In Facebook’s massive breach, the hackers’ friends were the first victims

Hackers accessed data of 29 million Facebook users

Facebook says attackers stole details from 29 million users

Hackers stole personal information such as phone numbers and emails from as many as 30 million Facebook users as part of the most significant security breach in the company's history.

Rosen also said Facebook did not find any evidence suggesting the tokens were used with the Facebook Login feature either, which would have allowed the attacker to log into third-party apps via Facebook tokens.

There, you'll likely see one of the following two messages: You're in the clear, or your account was affected and here's what data the hackers might have accessed. The latter is less severe, yet still serious, since hackers were only able to access their name and contact details, such as phone number, email or both, depending on what info they had on their profile. It's a pretty extensive list: user name, gender, locale or language, relationship status, religion, hometown, self-reported current city, birthdate, device types used to access Facebook, education, work, the last 10 places you checked into or were tagged in, your website, people or Pages you follow and your 15 most recent searches.

Facebook said it was continuing to investigate whether the attackers took actions beyond stealing data, such as posting from accounts but had not found additional misuse.

The hack impacted 50 million accounts on the service. Users will also see a "customised message" in the coming days to assist in preventative measures. Post that, Facebook followed the proper procedure and notified the Federal Bureau of Investigation about the attack and is working with other law enforcement agencies to find out the people behind the attack.

Previously, Facebook said the attackers gained the ability to "seize control" of those user accounts by stealing digital keys the company uses to keep users logged in.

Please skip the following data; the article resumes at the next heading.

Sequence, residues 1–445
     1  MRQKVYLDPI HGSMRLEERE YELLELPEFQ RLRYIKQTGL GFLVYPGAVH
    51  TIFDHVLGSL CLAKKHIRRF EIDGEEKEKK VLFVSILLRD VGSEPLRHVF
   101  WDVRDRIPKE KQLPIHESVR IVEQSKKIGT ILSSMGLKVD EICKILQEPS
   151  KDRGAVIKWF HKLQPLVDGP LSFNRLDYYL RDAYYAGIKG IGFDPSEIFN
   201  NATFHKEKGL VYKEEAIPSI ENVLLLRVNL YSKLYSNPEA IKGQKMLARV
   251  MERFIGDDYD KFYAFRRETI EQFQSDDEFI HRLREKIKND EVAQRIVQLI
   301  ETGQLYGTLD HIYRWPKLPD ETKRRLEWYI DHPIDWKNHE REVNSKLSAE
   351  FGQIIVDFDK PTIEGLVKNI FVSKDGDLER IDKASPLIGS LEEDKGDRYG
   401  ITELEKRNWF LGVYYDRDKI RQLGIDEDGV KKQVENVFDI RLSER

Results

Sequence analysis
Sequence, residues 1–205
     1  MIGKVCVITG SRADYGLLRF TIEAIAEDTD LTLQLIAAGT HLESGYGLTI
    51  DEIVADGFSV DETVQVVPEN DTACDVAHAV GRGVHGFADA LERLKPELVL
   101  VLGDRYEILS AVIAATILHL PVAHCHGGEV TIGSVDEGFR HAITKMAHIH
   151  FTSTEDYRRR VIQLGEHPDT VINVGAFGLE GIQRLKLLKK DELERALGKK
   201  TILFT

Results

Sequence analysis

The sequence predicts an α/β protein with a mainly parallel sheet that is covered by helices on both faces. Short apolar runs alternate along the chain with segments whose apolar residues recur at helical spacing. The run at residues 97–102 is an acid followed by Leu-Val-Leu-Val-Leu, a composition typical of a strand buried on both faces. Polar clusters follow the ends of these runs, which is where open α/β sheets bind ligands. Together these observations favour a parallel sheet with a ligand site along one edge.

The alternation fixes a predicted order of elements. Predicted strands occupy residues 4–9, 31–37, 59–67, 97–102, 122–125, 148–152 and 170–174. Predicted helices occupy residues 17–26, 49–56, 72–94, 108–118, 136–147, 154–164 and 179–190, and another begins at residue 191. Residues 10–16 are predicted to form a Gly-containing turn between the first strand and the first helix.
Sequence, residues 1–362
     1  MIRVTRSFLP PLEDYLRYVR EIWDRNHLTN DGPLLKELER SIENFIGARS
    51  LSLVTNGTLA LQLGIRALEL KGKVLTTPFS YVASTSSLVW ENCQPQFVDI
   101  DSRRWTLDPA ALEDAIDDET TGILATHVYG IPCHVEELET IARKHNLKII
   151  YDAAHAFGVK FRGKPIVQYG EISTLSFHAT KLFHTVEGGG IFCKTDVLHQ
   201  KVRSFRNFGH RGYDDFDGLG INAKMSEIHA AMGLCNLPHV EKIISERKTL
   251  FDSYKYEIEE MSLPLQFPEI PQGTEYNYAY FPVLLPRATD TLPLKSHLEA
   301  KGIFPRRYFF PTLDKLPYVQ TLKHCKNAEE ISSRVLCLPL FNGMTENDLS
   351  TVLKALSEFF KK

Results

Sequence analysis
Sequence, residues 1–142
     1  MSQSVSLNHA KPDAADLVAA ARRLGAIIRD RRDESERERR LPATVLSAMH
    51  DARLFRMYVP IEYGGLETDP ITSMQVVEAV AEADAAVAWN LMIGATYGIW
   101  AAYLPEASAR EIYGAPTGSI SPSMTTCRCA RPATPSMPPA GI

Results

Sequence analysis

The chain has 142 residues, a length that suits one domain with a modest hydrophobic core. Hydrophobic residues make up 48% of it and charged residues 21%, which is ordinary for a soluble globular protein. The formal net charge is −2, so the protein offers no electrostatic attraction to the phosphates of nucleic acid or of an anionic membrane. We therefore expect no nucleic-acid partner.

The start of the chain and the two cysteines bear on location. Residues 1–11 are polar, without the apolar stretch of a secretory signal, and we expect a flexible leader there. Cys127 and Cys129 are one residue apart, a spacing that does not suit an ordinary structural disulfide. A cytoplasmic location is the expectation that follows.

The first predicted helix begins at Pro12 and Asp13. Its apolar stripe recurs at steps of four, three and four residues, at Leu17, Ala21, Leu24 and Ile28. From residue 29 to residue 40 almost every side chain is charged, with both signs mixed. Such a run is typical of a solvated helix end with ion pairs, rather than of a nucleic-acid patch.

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The Azeri finance ministry said about $3 billion could have been misappropriated by Hajiyev, who denied the charges. The NCA had alleged Hajiyeva bought two properties using money embezzled by her husband when he worked for the IBA.

Below the notice about what information was hacked, Facebook apologizes for the security breach.

On September 27, Rosen said Facebook closed the vulnerabilities, secured affected accounts, and reset access tokens for those accounts.

The revelation is the latest black eye for Facebook as it tries to recover from the scandal that came to light earlier this year in which Cambridge Analytica funneled highly personal details of more than 80 million users to an organization supporting then-presidential candidate Donald Trump.

First, attackers exploited a vulnerability in the site's code that apparently resulted from three separate bugs, from July 2017 to September 2018. He said Facebook is looking into the possibility of smaller scale attacks.

Last month, Facebook launched an investigation with the FBI and released a statement in response the the breach. That's the good news, if you can call it that.

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